I ordered a pair of new pickups from Stewart McDonalds guitar supplies and some other hardware. When I took the guitar apart to start the process the body looked fine and after some acetone application to remove the grime things started looking up.

The real problem were the plastic covers. The small one covering the electronics in the back and the pickguard. I just didn’t find a way to remove the stickers without scratching the plastic. Also, the pickup openings and screw holes didn’t agree with the new pickup dimensions.

Plastic covers!

Plastic covers!

A good first “real” job for my Fireball V90 CNC machine, I thought. I didn’t have the V90 very long and little experience. Never done anything more complicated than some wood working. It took some time to actually establish a pipeline to get the dimensions and shapes into Cambam plus (which makes the control code for the machine.) The first pipeline (Adobe Illustrator to trace the scan, Cinema 4D to make it into a 3D model and then Cambam to make the gcode) somehow shrank the shapes just enough that it wasn’t visible on screen. That was frustrating. The solution was to keep it 2D and bypass Cinema 4D. It took two sheets of ABS plastic to finally get everything correct. The fourth cut was it. I am not doing this professionally!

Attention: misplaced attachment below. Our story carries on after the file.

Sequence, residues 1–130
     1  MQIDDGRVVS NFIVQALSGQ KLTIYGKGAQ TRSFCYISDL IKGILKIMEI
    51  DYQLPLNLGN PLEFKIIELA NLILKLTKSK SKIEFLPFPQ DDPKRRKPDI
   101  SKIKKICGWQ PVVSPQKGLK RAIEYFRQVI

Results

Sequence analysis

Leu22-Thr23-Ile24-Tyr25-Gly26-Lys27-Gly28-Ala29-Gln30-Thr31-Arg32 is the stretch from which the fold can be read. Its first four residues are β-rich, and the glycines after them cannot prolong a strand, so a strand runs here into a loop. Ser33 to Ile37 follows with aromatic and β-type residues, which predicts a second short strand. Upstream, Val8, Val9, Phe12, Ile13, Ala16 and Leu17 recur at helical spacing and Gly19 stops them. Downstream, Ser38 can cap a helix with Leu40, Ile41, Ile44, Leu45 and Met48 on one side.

V90 in action

V90 in action

...in my sunny driveway workshop

…in my sunny driveway workshop

After much cleaning, filing, polishing, soldering – and after almost 40 years of abuse – the neck needed only a little truss rod adjustment. This guitar has always played very well. Framus necks from that era are a bit beefy but I like it that way. Also I really like the huge rectangular fret markers. Most other guitars I own are very frugal in that regard and on a dark stage it is often hard to glimpse where your hand is on the neck.

That was a very satisfying project and I am very happy I invested the time and effort. I can’t wait to take this “new” 40 year old guitar on a gig.

all done!

all done!

The Cooking/Composing Analogy

Written by peterkienle on September 15, 2012

This is one of the many things which I only discovered a little later in my life.

Over the past few weeks I have been reading through a book called “Cooking for Geeks” by Jeff Potter. Amongst many cool recipes and cooking related interviews it contains tons of scientific information about what is happening during food preparation.

If you asked me today when I started to cook I would tell you that I always loved preparing my own food. That is of course not quite true because obviously my mother was the boss in her kitchen and only once I moved out at the tender age of 18 was I confronted with the need to think about what to eat and how to make it. Since my hometown was pretty devoid of any interesting places to get lunch and I was notoriously short on cash that only left the choice of somehow learning how to prepare food myself.